Maintaining trusted practices from successful businesses can help you avoid common pitfalls.
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“We gave new customers $10 for joining, and we gave them $10 more every time they referred a friend,” Peter Thiel recalled, in his 2014 book Zero to One, of PayPal’s referral program in its early years. Barely 15 months after he and his team founded the company, in 2000, they were valued at about half a billion dollars, according to WSJ, chiefly because of their breakneck growth at a time when the internet inspired dubiety. Gloriously, its referral program remains a vital part of its growth strategy to this day.
With 70 percent more conversion coming through referral programs, most businesses just can’t imagine a better engine of growth. In this article, some of the practices that make a referral program a growth strategy rather than a death trap are succinctly discussed.
‘Revenue-strap’ referral bonuses
Although they announce modest but attractive referral bonuses, thriving businesses refrain from giving these bonuses to customers until they or their referrals have used their services over a specified period and generated a certain amount in revenue.
When considering a referral program for the growth of your startup, tie the referee’s access to the bonus to some favorable conditions written clearly (or in fine lines) in your business’s policies. Also, encourage users to read your policy agreements although, according to a Deloitte survey, barely 3% of them ever gets to read it.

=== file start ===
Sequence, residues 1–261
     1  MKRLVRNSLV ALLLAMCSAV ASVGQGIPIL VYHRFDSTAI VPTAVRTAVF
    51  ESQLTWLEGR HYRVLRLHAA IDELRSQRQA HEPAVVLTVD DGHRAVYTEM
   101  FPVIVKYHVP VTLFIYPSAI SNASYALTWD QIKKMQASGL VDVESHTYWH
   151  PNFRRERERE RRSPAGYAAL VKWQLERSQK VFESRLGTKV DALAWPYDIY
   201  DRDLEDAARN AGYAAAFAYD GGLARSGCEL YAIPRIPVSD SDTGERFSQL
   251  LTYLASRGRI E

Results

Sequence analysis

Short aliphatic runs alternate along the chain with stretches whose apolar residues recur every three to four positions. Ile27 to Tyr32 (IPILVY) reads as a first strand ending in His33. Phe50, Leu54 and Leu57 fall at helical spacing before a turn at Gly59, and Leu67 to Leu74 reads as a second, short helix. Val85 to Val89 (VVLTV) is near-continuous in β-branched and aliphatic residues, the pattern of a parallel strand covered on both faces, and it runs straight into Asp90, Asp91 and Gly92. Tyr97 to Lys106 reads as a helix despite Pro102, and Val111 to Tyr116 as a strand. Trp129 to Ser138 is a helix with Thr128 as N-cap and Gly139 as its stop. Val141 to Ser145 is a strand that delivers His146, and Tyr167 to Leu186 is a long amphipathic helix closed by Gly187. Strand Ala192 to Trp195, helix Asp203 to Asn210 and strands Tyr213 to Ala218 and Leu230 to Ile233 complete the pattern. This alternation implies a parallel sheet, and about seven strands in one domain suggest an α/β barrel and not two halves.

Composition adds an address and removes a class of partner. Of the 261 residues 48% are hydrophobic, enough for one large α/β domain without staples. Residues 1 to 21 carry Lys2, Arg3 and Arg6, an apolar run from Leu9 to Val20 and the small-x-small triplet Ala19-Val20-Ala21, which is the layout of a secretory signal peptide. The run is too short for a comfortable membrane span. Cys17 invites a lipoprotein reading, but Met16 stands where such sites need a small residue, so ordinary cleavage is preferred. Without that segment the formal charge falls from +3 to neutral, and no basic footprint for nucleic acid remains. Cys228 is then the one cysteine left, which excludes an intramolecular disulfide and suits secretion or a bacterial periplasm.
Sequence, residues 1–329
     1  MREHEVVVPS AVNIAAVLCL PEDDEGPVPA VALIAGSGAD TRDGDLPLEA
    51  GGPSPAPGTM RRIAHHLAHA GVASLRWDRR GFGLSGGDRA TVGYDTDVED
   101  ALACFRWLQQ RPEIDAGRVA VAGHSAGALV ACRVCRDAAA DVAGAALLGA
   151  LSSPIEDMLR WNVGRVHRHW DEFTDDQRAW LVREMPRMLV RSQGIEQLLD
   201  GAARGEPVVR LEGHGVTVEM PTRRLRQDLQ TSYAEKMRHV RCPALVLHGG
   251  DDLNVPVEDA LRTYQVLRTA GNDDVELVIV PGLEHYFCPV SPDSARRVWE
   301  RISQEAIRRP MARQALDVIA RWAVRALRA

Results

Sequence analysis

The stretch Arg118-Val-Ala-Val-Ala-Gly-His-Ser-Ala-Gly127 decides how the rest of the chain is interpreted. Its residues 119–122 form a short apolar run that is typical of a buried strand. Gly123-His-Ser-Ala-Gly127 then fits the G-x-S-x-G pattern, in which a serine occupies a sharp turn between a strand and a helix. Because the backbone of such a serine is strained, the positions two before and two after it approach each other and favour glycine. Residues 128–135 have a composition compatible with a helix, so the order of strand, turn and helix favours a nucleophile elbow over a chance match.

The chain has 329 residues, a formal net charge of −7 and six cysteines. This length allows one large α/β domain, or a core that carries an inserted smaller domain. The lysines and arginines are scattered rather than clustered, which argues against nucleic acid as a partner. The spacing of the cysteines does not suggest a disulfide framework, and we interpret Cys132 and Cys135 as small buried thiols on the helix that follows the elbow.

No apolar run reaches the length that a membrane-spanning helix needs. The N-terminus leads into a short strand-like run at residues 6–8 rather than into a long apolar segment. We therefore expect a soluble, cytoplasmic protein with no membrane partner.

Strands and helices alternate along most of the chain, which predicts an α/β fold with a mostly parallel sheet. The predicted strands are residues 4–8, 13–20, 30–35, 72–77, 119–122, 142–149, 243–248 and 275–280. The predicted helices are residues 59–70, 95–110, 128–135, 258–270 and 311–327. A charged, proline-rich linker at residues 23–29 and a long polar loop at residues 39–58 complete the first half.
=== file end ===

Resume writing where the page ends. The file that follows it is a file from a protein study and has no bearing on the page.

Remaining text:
Payoneer Inc. has grown into one of the world’s most renowned payment processor for freelancers and SMEs, partly because of its referral program. However, referees cannot access their $25 referral bonuses until their referrals have processed up to $1,000 on the referred account. Like PayPal, they offer signup bonuses and the same rule applies.
Bonuses are fractions of the customers’ lifetime value
The average customer’s LTV (Lifetime Value) is the primary factor in determining the signup bonuses.
I’ve seen several businesses price referral bonuses based on revenue anticipation instead of the factors that determine a customer’s LTV, and most heartbreakingly, some issue these bonuses prematurely.
With an average transaction volume of $2,334 per user in 2019, PayPal generates up to twice the $40 cost of onboarding new users with its referral program in one year.
The primary thing to consider when building a growth strategy via a referral system is the value of each customer to your business. This value is tied to transaction volume and the customer’s lifetime value.
Customers are not employees
It’s almost natural for startups to record losses in their earlier years. However, how you spend the business capital will tell if you’re incurring the right losses or saddling your business into oblivion.
Without dispute, your customers are the most important part of your business. You are allowed to pay employees from the startup funds but it is detrimental to do the same for customers. Instead, create ways to only pay referees from the revenue generated from their involvement with your business. Cash giveaways may be a good growth scheme for influencers on social media but for your startups, sloppy awards of cash in the name of referrals can sink your ship.
The top priority for a startup founder is to conserve as much capital as possible and only spend when there is no alternative.